The Lapham Era: In 1904 Lewis H. Lapham purchased the property from Hall. He was the son of Henry G. Lapham, a colleague of Hall’s in the leather business, preparing to establish the United States Leather Company when he died in 1888. Lewis Lapham immediately hired the Olmsted Brothers, successor firm to Frederick Law Olmsted, to assist in the siting of a new residence to be designed by Brooklyn’s renowned architect, William B.Tubby, now living in Greenwich, and to create a grand landscape with gardens, terraces, small decorative garden structures, and an area of farm buildings.
Correspondence, In the National Park Service’s Olmsted Archives in Brookline, MA, there are over 100 letters between the firm and the Laphams, documenting the interaction between Lewis and Antoinette Lapham and the Olmsted Brothers firm, starting with John Charles Olmsted, who hadattended the Sheffield Scientific School Yale University, who tried in vain to convince the Laphams to adopt scientific farming methods, breed special animals and plants, and practice “Aesthetic forestry.”
As the new house progressed from 1911 to 1917, the Olmsted firm sent several landscape architects of great talent and national reputation,Percival Gallagher, trained as an artist, and A. Chandler Manning, a horticulturalist, to work with Antoinette (Dearborn) Lapham, on the Waveny plantings and landscape. She was a founding member of the New Canaan Garden Club and also the national treasurer of the YWCA during World War I.
At the urging of son Jack, a polo field was installed by 1915 and at least 50 acres of lawn became an informal putting green and driving range for his father.
It is possible that Waveny’s landscape and gardens were photographed by Frances Benjamin Johnson, pioneer in photographing gardens during the American Country Place Era (1909-1927).
When the Merritt Parkway was designed, the Olmsted firm returned to mitigate the effects on the Lapham property, which was to be transversed. A tennis court, a polo field, and a tennis court were incorporated into the landscape design over the years.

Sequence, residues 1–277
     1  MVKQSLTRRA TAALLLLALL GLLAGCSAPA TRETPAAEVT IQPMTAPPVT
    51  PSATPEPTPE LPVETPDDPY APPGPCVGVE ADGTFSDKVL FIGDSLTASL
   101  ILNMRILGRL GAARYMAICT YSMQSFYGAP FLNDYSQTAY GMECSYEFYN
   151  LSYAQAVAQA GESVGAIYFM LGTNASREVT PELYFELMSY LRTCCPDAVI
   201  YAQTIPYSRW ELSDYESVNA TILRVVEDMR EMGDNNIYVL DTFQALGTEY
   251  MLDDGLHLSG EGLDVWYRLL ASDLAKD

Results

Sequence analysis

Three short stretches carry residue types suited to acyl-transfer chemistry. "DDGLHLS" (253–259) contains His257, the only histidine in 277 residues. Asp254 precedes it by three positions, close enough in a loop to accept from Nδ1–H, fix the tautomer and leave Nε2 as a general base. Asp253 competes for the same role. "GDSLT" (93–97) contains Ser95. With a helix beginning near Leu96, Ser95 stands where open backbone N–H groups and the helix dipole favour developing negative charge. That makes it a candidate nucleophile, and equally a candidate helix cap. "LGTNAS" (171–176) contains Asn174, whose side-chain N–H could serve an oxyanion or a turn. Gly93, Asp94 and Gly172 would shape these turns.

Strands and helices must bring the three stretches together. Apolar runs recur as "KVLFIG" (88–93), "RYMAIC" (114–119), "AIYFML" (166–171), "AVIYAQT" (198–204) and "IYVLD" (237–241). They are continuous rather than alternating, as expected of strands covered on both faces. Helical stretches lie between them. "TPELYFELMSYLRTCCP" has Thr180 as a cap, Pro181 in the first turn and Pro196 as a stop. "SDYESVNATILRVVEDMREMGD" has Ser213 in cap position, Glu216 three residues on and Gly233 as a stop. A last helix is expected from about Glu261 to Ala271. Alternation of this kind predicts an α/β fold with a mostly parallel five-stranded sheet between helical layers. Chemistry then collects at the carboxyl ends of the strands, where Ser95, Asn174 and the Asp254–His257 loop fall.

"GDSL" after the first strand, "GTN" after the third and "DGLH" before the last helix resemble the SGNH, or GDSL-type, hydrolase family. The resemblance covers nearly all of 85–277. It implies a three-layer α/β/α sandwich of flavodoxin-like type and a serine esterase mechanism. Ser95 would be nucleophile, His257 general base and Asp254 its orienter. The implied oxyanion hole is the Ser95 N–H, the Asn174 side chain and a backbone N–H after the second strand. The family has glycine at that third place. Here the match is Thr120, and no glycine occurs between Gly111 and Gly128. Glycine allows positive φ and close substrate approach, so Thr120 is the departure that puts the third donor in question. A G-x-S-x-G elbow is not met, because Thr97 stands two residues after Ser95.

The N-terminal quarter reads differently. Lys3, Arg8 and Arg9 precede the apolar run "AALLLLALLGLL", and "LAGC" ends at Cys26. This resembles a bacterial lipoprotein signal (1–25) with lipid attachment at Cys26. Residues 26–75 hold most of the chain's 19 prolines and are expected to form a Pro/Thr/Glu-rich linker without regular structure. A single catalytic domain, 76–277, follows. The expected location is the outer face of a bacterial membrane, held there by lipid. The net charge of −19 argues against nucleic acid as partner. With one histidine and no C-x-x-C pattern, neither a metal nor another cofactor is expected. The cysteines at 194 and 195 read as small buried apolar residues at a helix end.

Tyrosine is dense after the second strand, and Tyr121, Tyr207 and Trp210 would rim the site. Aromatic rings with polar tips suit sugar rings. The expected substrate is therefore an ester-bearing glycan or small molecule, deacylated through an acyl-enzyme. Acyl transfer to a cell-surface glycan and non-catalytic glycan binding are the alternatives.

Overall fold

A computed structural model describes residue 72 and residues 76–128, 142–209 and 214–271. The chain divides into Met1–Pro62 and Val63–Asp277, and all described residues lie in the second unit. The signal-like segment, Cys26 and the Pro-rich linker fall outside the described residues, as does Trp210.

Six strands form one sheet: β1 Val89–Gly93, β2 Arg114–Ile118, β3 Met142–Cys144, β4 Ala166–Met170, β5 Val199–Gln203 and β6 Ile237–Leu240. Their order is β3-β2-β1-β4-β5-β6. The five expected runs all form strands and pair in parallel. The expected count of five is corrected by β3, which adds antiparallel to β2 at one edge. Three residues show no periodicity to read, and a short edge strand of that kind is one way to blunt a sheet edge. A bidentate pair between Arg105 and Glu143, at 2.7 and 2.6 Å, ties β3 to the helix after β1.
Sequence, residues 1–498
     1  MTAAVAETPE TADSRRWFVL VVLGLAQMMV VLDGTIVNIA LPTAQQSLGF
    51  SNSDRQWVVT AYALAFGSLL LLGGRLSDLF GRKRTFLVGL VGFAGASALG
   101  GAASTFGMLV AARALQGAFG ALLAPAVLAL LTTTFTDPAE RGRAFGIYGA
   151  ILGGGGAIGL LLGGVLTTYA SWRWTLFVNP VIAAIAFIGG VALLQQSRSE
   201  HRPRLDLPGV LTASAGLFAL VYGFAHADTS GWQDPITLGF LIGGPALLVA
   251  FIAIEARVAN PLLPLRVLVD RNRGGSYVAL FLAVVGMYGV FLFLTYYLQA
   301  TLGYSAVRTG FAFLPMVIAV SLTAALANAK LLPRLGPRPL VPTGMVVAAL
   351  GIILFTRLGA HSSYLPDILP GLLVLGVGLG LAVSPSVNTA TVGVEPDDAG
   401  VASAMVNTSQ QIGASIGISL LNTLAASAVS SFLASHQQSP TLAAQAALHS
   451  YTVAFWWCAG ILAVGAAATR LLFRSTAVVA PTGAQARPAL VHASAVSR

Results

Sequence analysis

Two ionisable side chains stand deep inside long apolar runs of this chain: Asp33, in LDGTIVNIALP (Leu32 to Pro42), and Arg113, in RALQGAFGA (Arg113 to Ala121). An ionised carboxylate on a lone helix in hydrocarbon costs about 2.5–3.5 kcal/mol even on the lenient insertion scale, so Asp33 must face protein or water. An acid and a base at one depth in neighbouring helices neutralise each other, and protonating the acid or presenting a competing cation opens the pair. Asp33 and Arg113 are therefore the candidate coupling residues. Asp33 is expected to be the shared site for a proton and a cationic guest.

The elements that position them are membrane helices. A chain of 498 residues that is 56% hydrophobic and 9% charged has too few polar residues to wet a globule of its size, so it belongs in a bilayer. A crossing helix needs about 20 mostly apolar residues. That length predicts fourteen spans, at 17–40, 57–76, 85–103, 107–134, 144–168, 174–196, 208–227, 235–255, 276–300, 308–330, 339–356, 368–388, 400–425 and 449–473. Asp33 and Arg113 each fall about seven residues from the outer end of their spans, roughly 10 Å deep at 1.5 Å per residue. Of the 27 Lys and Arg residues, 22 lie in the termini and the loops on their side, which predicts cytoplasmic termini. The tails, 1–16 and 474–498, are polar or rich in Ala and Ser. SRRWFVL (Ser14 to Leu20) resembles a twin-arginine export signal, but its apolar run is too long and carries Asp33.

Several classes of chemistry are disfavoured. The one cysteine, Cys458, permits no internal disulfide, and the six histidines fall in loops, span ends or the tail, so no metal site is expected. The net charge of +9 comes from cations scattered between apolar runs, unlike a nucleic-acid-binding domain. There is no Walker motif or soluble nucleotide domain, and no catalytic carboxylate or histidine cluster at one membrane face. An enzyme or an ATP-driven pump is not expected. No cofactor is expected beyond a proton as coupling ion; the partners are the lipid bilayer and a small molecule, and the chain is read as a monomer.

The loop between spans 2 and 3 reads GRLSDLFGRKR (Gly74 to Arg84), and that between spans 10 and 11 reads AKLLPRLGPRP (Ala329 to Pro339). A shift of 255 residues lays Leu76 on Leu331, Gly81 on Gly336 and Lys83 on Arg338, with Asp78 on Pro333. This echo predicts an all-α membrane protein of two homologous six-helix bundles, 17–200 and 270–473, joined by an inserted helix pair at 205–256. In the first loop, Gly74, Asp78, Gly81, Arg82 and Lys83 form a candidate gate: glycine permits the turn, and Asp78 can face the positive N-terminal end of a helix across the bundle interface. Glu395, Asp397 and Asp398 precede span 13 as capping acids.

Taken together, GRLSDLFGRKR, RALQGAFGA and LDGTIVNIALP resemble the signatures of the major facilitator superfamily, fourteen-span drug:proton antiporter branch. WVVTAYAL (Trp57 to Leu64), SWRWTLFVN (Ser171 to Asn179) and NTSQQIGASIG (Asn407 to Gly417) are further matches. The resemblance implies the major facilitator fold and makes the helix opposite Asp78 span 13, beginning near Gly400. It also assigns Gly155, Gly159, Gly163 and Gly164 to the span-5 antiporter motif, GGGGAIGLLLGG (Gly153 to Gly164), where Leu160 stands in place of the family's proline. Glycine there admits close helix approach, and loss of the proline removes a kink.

Ruth Lapham Lloyd, married Samuel R. Lloyd in 1924, had seven children and moved into Waveny mansion in 1940, when her mother moved into the Bungalow, Lewis H. Lapham having died in 1934. One of her children was Emmy-Award winner Christopher Lloyd, the actor. After Mrs. Lapham had moved to California and then died in 1956, Mrs. Lloyd was the inheritor of the property. By 1967 she had given two parcels of land to the Town of New Canaan for a new High School and then made Waveny, including the mansion, available to the town for purchase. Subsequently, she became a benefactor of the Metropolitan Museum, establishing an endowment to keep it open to the public on Thursday nights.
Ruth Lloyd’s brother, Roger Lapham, was Mayor of San Francisco. His grandson is Lewis A. Lapham, writer, author of numerous books on politics and current affairs, was editor of Harper’s magazine until 2006 and founder of Lapham’s Quarterly, a new journal about history.
Significance: The buildings and landscape are of state and probably national significance, designed by prominent architects and landscape architects to create an “American Country Place”. In addition the individuals involved in the history of the property also have state and national significance as entrepreneurs, as participants in the early 20th century women’s movement, as politicians, actors and writers.
 Chicago Securities, Vol. 18
 Carol Valentine http://www.newcanaandarienmag.com/n/July-2008/The-Magic-of-Waveny/
 Lois Bayles, Mary Louise King, and F. David Lapham, The Story of Waveny, New Canaan CT: The New Canaan Historical Society, 1969
 Lois Baylis, Mary Louise King and F. David Lapham, The Story of Waveny, New Canaan Historical Society 1969 p.15.